We maintain our forecast for 2013 construction industry real growth of 4.8% and see upside risks to our forecasts for 2013 and 2014, stemming from the buoyant activity we are witnessing in Abu Dhabi and Dubai. Significant public spending, a growing tourism sector, increased direct foreign investment and an improved business environment are all driving activity in the construction sector.
However, we are now seeing a more moderated scale of future projects, in line with a more realistic demand picture. We believe this outlook will be supported by ongoing or re-started projects, rather than a stream of new construction contracts.
Factors driving construction industry growth:
- The commencement of construction of the long-delayed Louvre Abu Dhabi and the EPC tender launched in March 2013 for the Zayed National Museum in Abu Dhabi indicate that stalled flagship projects are once again moving through the construction pipeline, reflecting the resumption of activity throughout the sector.
- The UAE is spending US$58bn on roads and bridges projects, the cost taken up by projects currently under way or in the planning phase. The significant figure - which is more than any other Gulf Cooperation Country (GCC) country - accounts for nearly half of the regional spend.
- The second phase of the US$11bn Etihad Railway Network - also part of the US$100bn GCC Railway Network - has entered the tendering phase. Construction is scheduled to start early 2013 and will provide a significant boost to the construction industry.
- Progress is being made on flagship multibillion dollar projects, such as the expansion of Dubai and Abu Dhabi international airports. These projects sustain industry activity, though they are also seeing delays and downsizings, such as those experienced at the Al Maktoom International Airport (Dubai).
- We continue to see increasing opportunities in the hospitality and tourism sectors. Tourism and tourismrelated projects provided a welcome source of value for the construction industry and wider economy in 2011. We expect this to continue through 2013 and beyond as the UAE, most notably Dubai and Abu Dhabi, position themselves as global business and tourism hubs. Major projects, such as the Louvre Abu Dhabi, the Bluewaters Island project in Dubai and the Meydan Sobha City development in Dubai reflect attention to the area.
- Though the nuclear power project in Abu Dhabi has been plagued by project delays and cost inflation - the cost estimate has risen by a staggering US$10bn since its initial announcement, taking the total to US $30bn - we have seen significant steps forward during the second half of 2012. US$3bn worth of contracts to provide, convert and enrich uranium has been awarded, and a frame-work contract has been signed with Canada, enabling the latter to export its technology.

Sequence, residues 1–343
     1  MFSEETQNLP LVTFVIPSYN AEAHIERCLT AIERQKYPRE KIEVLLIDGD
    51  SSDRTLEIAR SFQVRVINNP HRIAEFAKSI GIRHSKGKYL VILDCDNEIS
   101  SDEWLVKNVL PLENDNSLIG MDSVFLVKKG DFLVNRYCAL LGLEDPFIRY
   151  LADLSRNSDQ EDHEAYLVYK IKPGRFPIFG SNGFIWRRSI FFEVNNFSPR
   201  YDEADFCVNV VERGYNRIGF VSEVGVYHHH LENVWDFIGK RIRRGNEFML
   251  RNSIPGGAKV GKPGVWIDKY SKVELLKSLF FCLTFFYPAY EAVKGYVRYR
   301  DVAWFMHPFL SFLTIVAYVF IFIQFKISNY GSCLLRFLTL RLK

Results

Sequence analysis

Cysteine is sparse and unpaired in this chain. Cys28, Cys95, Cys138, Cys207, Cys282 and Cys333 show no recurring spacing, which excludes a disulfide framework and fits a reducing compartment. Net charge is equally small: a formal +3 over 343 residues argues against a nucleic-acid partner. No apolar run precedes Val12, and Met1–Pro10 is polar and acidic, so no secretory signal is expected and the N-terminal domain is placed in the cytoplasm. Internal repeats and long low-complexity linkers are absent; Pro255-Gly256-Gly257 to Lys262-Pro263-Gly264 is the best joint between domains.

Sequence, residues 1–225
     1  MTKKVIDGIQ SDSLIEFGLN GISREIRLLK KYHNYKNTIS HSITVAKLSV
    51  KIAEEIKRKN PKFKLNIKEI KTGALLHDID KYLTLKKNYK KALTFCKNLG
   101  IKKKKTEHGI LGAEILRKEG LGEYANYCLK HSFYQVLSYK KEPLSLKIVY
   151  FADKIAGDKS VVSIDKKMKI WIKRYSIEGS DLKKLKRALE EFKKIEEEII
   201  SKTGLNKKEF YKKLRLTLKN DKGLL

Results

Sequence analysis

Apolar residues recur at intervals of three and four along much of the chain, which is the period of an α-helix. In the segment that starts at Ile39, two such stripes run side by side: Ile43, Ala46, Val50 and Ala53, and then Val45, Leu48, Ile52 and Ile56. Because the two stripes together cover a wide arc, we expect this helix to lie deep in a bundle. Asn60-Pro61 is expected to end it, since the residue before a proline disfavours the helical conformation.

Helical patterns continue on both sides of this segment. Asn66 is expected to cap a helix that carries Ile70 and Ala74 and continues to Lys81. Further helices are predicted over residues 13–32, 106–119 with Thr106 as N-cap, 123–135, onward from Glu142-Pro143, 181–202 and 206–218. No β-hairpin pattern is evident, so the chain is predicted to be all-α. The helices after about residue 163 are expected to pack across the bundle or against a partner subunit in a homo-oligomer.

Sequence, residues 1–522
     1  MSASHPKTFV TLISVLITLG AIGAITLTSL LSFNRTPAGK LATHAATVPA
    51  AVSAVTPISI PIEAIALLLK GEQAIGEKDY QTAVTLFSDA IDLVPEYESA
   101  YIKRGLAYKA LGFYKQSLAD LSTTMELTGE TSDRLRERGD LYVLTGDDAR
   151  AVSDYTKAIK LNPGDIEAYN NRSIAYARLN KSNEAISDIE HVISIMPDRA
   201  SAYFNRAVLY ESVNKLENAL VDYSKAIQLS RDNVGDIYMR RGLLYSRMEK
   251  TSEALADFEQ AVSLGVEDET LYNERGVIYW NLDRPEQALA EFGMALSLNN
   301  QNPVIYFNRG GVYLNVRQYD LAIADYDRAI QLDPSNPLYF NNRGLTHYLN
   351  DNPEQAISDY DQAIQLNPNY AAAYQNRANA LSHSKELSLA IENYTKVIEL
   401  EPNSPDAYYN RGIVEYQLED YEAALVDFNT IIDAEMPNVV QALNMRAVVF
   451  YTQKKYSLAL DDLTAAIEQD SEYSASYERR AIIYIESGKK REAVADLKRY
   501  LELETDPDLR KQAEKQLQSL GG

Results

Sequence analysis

- The UAE continues to make headways with its push for renewable energy. The first phase of the Shams 1, 100-megawatt solar plant was expected to come online by the end of 2012.
- The UAE was the only country within the GCC to successfully raise its position on the World Bank's Ease of Doing Business Report 2013. A sentiment that was reinforced by data confirming that the UAE was one of the biggest recipients of direct foreign investments during 2011, lending credence to the more positive attitude (since the Dubai property crash in 2009).
- Asian banks are playing a larger role within the GCC, especially in the hydrocarbons and petrochemicals sectors. The latter is also encouraging both trade as well as export of technology. The most bullish figures estimates that UAE and China trade could treble over the next few years, reaching a staggering US $100bn.
Downside risks to outlook:
- While certain large-scale projects are still ongoing, the pipeline for new mega-projects is thin, with the Hassyan independent power project (IPP) - though facing undetermined delays, following a halted bidding process in April 2012 - being the last of the big-ticket projects on the agenda.
- We are mindful of a 'funding cliff' that is coming in 2014 for the UAE, with US$48.7bn worth of Abu Dhabi and Dubai sovereign and quasi-sovereign debt maturing. Due to the legacy of the 2009 Dubai debt crisis, we believe that any jitters in 2014 could have a negative effect on market confidence and as a result could prompt a renewed slowdown in activity, especially amongst the large developers. (see '2014 Funding Cliff Looms Large', November 13 2012) .
- The UAE has certainly benefited from the revolutions sweeping the Arab world, as tourist numbers have risen and businesses seeking a more stable political situation have increased. Oil-fuelled-cash at a time of global financial turbulence has largely shielded the country from much distress. However, previously overdone and oversized investments have created their own problems - as seen from the repercussions following the crash in 2009. Whilst the government has the financial muscle to buy its way out of most trouble, increased social spending is good for the short run, but not great for increasing skills and productivity in a country seeking to diversify and transform its oil-dependent economy.